It all began with Greta. My children (especially my daughter Jennifer) had added to their Christmas list to Santa that they wanted a puppy. It wasn't until my daughters Junior year of high school that her wish came true. As I was entering the doorway of a Mobil gas station to grab a quick sandwich for lunch I saw a notice for pure bred Golden Retriever puppies for sale from a couple who lived across the river in Moodus, Connecticut.
The picture was enough to grab all of my attention. They were just the sweetest looking puppies ever! That evening I came home all excited and asked my husband if we could get a puppy, "for the kids". Yeah, right - I was ready and I wanted one in the biggest way. After what surmounted to begging, pleading and then downright pulling a hissy fit, he said, "Do what you want to do because you're going to do it anyway. But don't expect me to have anything to do with a puppy."
The day came to look at the puppies and we had been keeping it a surprise. My husband did not come with me however my sister did. As we approached the pen I turned to my sister and said, "How will I choose? They are all so dang cute." She had not a clue as she also thought they were all really adorable. One stood out however - the runt of the litter. She fought and chewed ears of the other pups to make her way to the forefront. I knew at that moment that she was the one.
Cradled in the arms of my sister we journeyed home with our new puppy. The kids were ecstatic and my husband played hard to get. It didn't take but a few hours and our little "Greta" girl won my husband over - in spades. They took to each other like a duck to water. In fact Greta was far closer to my husband than she was to me.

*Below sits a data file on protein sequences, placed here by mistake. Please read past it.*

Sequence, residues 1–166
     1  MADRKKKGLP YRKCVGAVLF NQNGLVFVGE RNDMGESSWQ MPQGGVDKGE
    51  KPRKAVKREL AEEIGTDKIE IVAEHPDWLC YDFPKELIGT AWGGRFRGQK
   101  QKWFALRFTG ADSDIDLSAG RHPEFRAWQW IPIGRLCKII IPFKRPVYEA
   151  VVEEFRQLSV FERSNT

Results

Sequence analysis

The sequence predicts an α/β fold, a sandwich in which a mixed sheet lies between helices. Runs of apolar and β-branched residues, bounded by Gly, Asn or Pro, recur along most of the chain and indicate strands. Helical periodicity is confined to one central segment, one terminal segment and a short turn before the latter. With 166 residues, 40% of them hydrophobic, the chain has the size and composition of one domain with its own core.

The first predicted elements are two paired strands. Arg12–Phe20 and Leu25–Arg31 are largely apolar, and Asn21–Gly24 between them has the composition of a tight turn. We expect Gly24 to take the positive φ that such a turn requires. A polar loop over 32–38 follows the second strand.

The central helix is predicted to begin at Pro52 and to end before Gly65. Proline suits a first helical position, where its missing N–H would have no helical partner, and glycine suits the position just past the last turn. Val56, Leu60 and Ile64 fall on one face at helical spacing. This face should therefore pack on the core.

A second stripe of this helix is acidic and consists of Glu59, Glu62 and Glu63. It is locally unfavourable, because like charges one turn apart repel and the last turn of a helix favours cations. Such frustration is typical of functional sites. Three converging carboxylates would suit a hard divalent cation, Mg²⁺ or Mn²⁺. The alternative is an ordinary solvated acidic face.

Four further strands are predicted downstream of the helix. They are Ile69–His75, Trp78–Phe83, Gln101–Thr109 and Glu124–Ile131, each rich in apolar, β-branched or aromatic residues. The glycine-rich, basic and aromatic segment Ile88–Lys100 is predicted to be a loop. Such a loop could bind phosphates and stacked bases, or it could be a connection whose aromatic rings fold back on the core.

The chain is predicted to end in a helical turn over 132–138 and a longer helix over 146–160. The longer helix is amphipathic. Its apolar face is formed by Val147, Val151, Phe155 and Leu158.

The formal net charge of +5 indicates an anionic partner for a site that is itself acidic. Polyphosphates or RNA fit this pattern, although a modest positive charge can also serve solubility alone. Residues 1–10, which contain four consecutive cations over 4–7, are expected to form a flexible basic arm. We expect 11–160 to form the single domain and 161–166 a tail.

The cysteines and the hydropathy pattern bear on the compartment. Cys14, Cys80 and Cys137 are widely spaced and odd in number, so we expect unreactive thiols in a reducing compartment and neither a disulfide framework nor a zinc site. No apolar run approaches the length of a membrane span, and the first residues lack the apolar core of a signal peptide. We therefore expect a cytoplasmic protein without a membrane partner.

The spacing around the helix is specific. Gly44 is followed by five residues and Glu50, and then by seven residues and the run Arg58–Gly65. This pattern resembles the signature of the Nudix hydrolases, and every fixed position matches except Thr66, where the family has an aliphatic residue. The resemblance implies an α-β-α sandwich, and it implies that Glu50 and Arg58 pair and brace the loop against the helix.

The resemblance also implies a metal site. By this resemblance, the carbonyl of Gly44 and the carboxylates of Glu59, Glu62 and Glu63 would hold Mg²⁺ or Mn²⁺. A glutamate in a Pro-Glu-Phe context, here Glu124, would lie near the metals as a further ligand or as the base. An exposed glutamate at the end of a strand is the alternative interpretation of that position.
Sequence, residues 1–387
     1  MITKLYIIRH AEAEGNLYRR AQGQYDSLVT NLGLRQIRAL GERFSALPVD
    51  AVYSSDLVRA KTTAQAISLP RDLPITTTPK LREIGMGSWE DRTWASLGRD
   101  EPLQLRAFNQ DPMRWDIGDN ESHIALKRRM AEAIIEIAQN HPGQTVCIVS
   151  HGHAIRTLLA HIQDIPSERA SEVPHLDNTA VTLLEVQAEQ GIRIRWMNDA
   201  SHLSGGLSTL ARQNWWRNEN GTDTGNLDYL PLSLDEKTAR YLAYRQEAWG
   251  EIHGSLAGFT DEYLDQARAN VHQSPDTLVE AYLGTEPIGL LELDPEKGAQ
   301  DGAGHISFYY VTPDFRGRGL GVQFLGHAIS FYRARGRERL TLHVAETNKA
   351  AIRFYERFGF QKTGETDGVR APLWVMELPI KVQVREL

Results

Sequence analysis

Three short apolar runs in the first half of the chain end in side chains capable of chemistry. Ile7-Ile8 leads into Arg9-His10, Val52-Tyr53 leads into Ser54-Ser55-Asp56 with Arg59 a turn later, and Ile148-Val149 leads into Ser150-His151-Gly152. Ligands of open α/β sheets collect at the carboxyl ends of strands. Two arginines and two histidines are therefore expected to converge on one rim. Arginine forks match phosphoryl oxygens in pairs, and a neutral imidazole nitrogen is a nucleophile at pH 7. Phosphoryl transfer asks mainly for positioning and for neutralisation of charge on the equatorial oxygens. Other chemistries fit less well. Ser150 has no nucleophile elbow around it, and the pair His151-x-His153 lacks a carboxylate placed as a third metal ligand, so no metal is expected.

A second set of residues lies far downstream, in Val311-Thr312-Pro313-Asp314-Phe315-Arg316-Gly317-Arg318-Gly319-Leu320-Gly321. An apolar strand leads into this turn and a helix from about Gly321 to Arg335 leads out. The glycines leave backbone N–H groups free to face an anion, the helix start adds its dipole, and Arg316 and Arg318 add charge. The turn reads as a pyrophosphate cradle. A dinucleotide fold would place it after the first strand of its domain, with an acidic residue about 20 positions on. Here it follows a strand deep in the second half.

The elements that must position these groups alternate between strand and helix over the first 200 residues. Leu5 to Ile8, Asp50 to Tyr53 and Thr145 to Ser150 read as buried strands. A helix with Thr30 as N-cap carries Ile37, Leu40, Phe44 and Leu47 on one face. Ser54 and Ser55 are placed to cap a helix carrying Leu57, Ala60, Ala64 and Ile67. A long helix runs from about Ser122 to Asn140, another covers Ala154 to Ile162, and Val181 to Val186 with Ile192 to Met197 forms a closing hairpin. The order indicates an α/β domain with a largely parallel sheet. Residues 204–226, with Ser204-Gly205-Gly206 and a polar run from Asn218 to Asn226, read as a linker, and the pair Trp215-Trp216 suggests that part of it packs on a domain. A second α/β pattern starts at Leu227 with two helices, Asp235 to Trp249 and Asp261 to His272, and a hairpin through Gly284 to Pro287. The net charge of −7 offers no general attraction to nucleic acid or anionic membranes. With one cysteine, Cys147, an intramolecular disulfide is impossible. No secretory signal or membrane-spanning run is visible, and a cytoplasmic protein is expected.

Before Greta was even two years old and in her second heat like the vet recommended, and being left alone in the yard for about two minutes - wham bam thank you mam, a mix black lab shall we say had his way with her.
On October 21st 1998 Greta gave birth to eleven puppies. Before I could help her, the first one died. During the evening hours and late into the night Greta birthed 10 more puppies. After a while she was just too exhausted to take care of, let alone birth all those puppies. I ended up playing midwife and I have to say that looking back I marvel at what I accomplished and the way in which I helped Greta. That was when Niles was born - he was struggling to be alive. I ripped off the embryonic sac, opened his mouth and took him by the tail and flung him around about three or four times. I gave him CPR on his chest by rubbing it and he lived. For the rest of his life Niles would bear the scar of his birth - a bend in his tail.
I should interject at this point that during the birth we expected to see some golden puppies. There were none. Five sets of "twins" emerged. They were all black for the most part - two were fluffy long haired with spots of white, two were short haired dark brown, two more were longer haired and black and white. The last two were almost twins - one we named Geronimo as he was the first to escape the birthing box and the fact that he had a Mohawk on top of his head. Geronimo was just about all black when he was born but as he got older he had a mix of brown. Niles was ALL black - long curly hair like that of a golden. He was BEAUTIFUL.